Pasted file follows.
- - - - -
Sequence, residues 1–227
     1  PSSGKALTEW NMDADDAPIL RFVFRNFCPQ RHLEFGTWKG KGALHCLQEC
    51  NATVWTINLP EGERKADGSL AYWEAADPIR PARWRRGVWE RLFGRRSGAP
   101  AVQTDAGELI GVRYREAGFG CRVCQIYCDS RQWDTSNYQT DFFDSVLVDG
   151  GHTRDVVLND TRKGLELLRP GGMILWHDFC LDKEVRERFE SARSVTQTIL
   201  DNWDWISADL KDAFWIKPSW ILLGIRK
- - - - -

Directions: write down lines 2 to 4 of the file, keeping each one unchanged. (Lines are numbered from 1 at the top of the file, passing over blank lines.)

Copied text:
     1  PSSGKALTEW NMDADDAPIL RFVFRNFCPQ RHLEFGTWKG KGALHCLQEC
    51  NATVWTINLP EGERKADGSL AYWEAADPIR PARWRRGVWE RLFGRRSGAP
   101  AVQTDAGELI GVRYREAGFG CRVCQIYCDS RQWDTSNYQT DFFDSVLVDG